Expectations Modest for OBS Yearling Sale

Auction has 1,151 horses in its catalog.

With the weak economy continuing to have a negative impact on all sorts of businesses, Ocala Breeders’ Sales Co. executive Tom Ventura has modest expectations for the auction firm’s August yearling sale in Central Florida. 

“I think it will be an opportunity for buyers to buy at reasonable prices,” said Ventura, who is the general manager and director of sales for OBS. “There certainly are not going to be significant increases. We’re just hoping to hold our own compared to last year. My guess is that when it’s all over, we’ll see some declines, but we hope they’ll be minimal.”

There are 1,151 horses cataloged for the auction, a total that is down 14.2% from last year’s figure of 1,342. The sale opens with a select session of 200 horses Aug. 24, and it will be followed by three days of open sessions Aug. 25-27.

“The group of horses that we’ve put together for the first day is a very solid group,” Ventura said. “I think the sire power is better than it was last year.”

The sale has yearlings by seven of North America’s top eight second-crop sires by progeny earnings (as of Aug. 21).  The seven are Medaglia d'Oro , Birdstone Speightstown , Lion Heart, Tapit , Chapel Royal, and Even the Score . Offspring of Medaglia d'Oro and Birdstone combined to sweep this year's Triple Crown. Medaglia d'Oro's Rachel Alexandra captured the BlackBerry Preakness Stakes (gr. I), and Birdstone's Mine That Bird and Summer Bird scored in the Kentucky Derby Presented By Yum! Brands (gr. I) and the Belmont Stakes (gr. I), respectively.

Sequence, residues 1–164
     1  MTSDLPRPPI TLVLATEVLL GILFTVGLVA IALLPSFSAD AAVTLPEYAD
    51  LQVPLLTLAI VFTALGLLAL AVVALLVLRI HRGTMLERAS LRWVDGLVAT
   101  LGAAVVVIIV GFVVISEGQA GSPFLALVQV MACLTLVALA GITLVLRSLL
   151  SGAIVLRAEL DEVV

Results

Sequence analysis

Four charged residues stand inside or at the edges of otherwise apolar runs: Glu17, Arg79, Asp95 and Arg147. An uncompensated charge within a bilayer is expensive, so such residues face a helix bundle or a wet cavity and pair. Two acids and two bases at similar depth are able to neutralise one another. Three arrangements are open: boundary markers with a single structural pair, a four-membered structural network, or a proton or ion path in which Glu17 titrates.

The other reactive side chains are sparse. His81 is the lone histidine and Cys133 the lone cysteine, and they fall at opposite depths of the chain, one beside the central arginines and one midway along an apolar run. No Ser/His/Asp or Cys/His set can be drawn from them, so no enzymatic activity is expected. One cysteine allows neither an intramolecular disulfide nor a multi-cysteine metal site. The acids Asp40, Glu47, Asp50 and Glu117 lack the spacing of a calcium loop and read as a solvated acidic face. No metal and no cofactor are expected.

“Those are horses that have certainly proven their worth as stallions on the track,” Ventura said, “It seems to be a common theme at the sales this year that proven sires are the ones that people are gravitating more towards, and we’ve got yearlings by horses that meet that qualification. We’ve also got yearlings by the leading first-crop sire, Wildcat Heir, who stands in the Ocala area.”

The auction will start each day at 10:30 a.m.

Last year, when the U.S. economy already was in a recession, the August yearling sale suffered downturns of 20.5% in the number of horses sold and 34.6% in gross revenue. The average price dropped 17.7%. The buy-back rate rose to 34.7% from 28.4% in 2007.

The trends for the select session only were setbacks of 31.1% in the number sold, 40.3% in gross, and 13.3% in average. The buy-back rate was 42.5%, up from 25.1% the previous year.